Though he must go, their souls are still one, and, therefore, they are not enduring a breach, they are experiencing an “expansion”; in the same way that gold can be stretched by beating it “to aery thinness,” the soul they share will simply stretch to take in all the space between them. If their souls are separate, he says, they are like the feet of a compass: His lover’s soul is the fixed foot in the center, and his is the foot that moves around it. The firmness of the center foot makes the circle that the outer foot draws perfect: “Thy firmness makes my circle just, / And makes me end, where I begun.” Form The nine stanzas of this Valediction are quite simple compared to many of Donne’s poems, which utilize strange metrical patterns overlaid jarringly on regular rhyme schemes. Here, each four-line stanza is quite unadorned, with an ABAB rhyme scheme and an iambic tetrameter meter. Commentary “A Valediction: forbidding Mourning” is one of Donne’s most famous and simplest poems and also probably his most direct statement of his ideal of spiritual love. For all his erotic carnality in poems, such as “The Flea,” Donne professed a devotion to a kind of spiritual love that transcended the merely physical. Here, anticipating a physical separation from his beloved, he invokes the nature of that spiritual love to ward off the “tear-floods” and “sightempests” that might otherwise attend on their farewell. The poem is essentially a sequence of metaphors and comparisons, each describing a way of looking at their separation that will help them to avoid the mourning forbidden by the poem’s title. First, the speaker says that their farewell should be as mild as the uncomplaining deaths of virtuous men, for to weep would be “profanation of our joys.” Next, the speaker compares harmful “Moving of th’ earth” to innocent “trepidation of the spheres,” equating the first with “dull sublunary lovers’ love” and the second with their love, “Inter-assured of the mind.” Like the rumbling earth, the dull sublunary (sublunary meaning literally beneath the moon and also subject to the moon) lovers are all physical, unable to experience separation without losing the sensation that comprises and sustains their love. But the spiritual lovers “Care less, eyes, lips, and hands to miss,” because, like the trepidation (vibration) of the spheres (the concentric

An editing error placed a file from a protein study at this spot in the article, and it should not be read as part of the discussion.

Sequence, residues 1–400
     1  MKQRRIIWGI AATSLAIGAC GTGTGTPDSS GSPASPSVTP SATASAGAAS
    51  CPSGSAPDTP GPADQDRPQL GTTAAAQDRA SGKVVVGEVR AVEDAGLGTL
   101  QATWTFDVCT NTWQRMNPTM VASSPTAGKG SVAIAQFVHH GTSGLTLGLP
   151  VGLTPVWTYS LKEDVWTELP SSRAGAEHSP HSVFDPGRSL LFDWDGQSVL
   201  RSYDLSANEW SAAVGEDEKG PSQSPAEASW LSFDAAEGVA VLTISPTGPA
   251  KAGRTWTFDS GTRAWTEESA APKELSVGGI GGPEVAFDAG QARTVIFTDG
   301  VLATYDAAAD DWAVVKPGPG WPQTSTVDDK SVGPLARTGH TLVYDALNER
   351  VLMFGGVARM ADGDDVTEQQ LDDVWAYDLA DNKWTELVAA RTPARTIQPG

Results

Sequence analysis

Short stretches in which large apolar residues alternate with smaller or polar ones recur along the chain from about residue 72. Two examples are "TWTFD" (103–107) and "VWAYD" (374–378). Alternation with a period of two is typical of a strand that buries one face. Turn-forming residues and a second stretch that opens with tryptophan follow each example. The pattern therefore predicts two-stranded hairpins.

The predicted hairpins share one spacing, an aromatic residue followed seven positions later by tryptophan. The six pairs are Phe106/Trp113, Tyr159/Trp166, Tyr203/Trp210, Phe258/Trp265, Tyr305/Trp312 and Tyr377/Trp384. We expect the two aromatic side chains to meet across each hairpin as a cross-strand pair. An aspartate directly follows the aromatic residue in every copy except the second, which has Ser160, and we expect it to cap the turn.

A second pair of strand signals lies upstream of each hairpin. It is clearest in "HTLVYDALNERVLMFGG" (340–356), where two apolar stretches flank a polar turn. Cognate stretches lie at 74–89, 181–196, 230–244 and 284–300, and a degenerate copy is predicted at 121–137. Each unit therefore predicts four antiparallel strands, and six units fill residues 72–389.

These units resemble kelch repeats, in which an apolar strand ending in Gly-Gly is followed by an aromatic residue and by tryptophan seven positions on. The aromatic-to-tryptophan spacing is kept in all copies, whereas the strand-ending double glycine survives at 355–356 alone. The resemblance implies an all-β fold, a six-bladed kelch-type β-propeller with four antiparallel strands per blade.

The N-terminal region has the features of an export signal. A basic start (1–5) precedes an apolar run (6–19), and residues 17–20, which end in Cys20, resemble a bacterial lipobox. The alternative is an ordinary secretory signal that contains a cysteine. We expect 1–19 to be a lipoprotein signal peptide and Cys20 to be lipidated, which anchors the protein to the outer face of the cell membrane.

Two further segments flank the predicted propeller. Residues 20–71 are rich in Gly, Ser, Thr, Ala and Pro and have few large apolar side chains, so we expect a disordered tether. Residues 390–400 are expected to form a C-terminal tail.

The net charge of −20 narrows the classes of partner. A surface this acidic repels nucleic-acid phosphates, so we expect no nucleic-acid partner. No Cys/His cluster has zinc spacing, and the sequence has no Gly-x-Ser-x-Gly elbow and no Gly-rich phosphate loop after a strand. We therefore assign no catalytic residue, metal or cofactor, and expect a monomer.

globes that surrounded the earth in ancient astronomy), their love is not wholly physical. Also, like the trepidation of the spheres, their movement will not have the harmful consequences of an earthquake. The speaker then declares that, since the lovers’ two souls are one, his departure will simply expand the area of their unified soul, rather than cause a rift between them. If, however, their souls are “two” instead of “one”, they are as the feet of a drafter’s compass, connected, with the center foot fixing the orbit of the outer foot and helping it to describe a perfect circle. The compass (the instrument used for drawing circles) is one of Donne’s most famous metaphors, and it is the perfect image to encapsulate the values of Donne’s spiritual love, which is balanced, symmetrical, intellectual, serious, and beautiful in its polished simplicity. Like many of Donne’s love poems (including “The Sun Rising” and “The Canonization”), “A Valediction: forbidding Mourning” creates a dichotomy between the common love of the everyday world and the uncommon love of the speaker. Here, the speaker claims that to tell “the laity,” or the common people, of his love would be to profane its sacred nature, and he is clearly contemptuous of the dull sublunary love of other lovers. The effect of this dichotomy is to create a kind of emotional aristocracy that is similar in form to the political aristocracy with which Donne has had painfully bad luck throughout his life and which he commented upon in poems, such as “The Canonization”: This emotional aristocracy is similar in form to the political one but utterly opposed to it in spirit. Few in number are the emotional aristocrats who have access to the spiritual love of the spheres and the compass; throughout all of Donne’s writing, the membership of this elite never includes more than the speaker and his lover—or at the most, the speaker, his lover, and the reader of the poem, who is called upon to sympathize with Donne’s romantic plight.